Python component model

Edward Diener No Spam eldiener_no_spam_here at earthlink.net
Tue Oct 10 17:07:27 CEST 2006


Tim Chase wrote:
>> There's no doubt that Python's excellent introspection mechanism 
>> allows an outside RAD-like tool to inspect the workings of any Python 
>> object. But that does not make it a component model in my original use 
>> of the term on this thread. A RAD tool needs to know what properties 
>> and events within a class can be manipulated visually, and it needs to 
>> be able to serialize those properties and events so that they are set 
>> at run-time automatically once an object is created.
> 
> A little visual inspection of some objects:
> 
> tim at oblique:~$ python
> Python 2.3.5 (#2, Sep  4 2005, 22:01:42)
> [GCC 3.3.5 (Debian 1:3.3.5-13)] on linux2
> Type "help", "copyright", "credits" or "license" for more information.
>  >>> class Person(object):
> ...     def __init__(self, name, age=None):
> ...             self.name = name
> ...             self.age = age
> ...     def whoami(self):
> ...             if self.age is not None:
> ...            return "%s (%i)" % (
> ...                self.name,
> ...                self.age)
> ...             return self.name
> ...
>  >>> p = Person("Sandy")
>  >>> [s for s in dir(p) if not s.startswith('_') and 
> callable(eval('p.%s' % s))]
> ['whoami']
>  >>> [s for s in dir(p) if not s.startswith('_') and not 
> callable(eval('p.%s' % s))]
> ['age', 'name']
> 
> Thus, you have the ability to find an object's methods/events (things 
> that are callable()), and its properties (things that are not 
> callable()).  Any "RAD" tool that wants can pull these properties, just 
> as my command-line RAD tool can ;)

Not all attributes are component properties in typical Visual RAD tool. 
In most visual RAD tools which I have used a component property is a 
publicly exposed type/name which may or may not have the backing of an 
actual data member and does have a function to get the type's value if 
the property is readable and does have a function associated with it to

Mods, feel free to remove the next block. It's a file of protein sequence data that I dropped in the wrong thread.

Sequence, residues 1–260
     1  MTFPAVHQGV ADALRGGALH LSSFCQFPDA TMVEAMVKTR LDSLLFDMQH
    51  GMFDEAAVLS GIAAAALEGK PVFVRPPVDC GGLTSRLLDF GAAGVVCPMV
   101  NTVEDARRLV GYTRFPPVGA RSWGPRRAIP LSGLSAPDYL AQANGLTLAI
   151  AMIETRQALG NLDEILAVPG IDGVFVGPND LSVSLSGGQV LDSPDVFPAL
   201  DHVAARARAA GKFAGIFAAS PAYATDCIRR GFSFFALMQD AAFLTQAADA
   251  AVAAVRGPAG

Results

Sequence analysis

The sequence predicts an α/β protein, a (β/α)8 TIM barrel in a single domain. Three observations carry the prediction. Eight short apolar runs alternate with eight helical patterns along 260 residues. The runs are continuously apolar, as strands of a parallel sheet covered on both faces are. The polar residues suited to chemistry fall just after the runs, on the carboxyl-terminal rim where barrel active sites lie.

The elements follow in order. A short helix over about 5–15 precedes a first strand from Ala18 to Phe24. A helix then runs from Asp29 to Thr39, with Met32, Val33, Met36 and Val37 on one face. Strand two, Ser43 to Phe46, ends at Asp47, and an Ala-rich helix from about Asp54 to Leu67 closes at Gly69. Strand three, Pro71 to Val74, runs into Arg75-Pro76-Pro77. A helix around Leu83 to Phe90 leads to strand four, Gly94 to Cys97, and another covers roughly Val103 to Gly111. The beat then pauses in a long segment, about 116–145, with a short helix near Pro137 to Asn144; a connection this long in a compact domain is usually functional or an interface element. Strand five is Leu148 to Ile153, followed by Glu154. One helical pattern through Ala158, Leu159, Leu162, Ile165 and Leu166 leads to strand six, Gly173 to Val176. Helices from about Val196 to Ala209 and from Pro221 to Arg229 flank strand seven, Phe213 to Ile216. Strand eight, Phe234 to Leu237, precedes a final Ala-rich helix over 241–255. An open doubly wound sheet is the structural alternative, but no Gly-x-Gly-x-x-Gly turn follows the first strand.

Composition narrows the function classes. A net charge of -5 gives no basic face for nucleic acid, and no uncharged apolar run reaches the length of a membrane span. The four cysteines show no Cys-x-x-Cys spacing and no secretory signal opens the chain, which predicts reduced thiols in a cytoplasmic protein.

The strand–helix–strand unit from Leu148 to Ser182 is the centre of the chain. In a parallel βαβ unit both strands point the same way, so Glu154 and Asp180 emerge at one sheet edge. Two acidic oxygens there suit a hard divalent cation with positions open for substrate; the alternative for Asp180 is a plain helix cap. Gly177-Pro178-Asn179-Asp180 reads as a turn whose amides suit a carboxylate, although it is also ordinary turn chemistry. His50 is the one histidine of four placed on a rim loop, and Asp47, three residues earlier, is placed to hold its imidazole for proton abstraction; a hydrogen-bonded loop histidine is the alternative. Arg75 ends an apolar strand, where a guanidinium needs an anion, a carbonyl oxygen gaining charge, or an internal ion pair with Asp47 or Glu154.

set the type's value if the property is writable. This is very close to 
the class properties in Python. The difference is that normally a type 
must be associated with a property whereas in Python, as I understand 
it, the type of a class property is unknown.

Furthermore by a component event I do not mean methods on the event 
creator's side but rather an event source. This would look something 
like a tuple of callable functions of a particular signature to which an 
event sink could add an event handler so that when a particular event 
occurred on the event source the event handlers added to the event 
source would each be called.

> 
> As for serializing them,
> 
>  >>> import shelve
>  >>> d = shelve.open('tmp/stuff.shlv')
>  >>> d['person'] = p
>  >>> p = 'hello'
>  >>> p
> 'hello'
>  >>> p = d['person']
>  >>> p.whoami()
> 'Sandy'
>  >>> p.age = 42
>  >>> p.whoami()
> 'Sandy (42)'
>  >>> d['person'] = p
>  >>> d.close()
>  >>> p = 'hello2'
>  >>> p
> 'hello2'
>  >>> d = shelve.open('tmp/stuff.shlv')
>  >>> p = d['person']
>  >>> p.whoami()
> 'Sandy (42)'
> 
> which seems to work fine for me.  This can be used for creating all 
> sorts of flavors of objects at design time, storing them, and then 
> restoring them at runtime.

I realize that Python has excellent abilities in all these areas, 
including serialization. But a component model for serialization must 
not only have the ability of serializing and deserializing all of the 
component's data, as well as any base classes, it must also have a means 
of allowing the class itself to specify which data needs to be 
serialized and which not, as well as allow for the class to seriliaze 
all or part of its own data.



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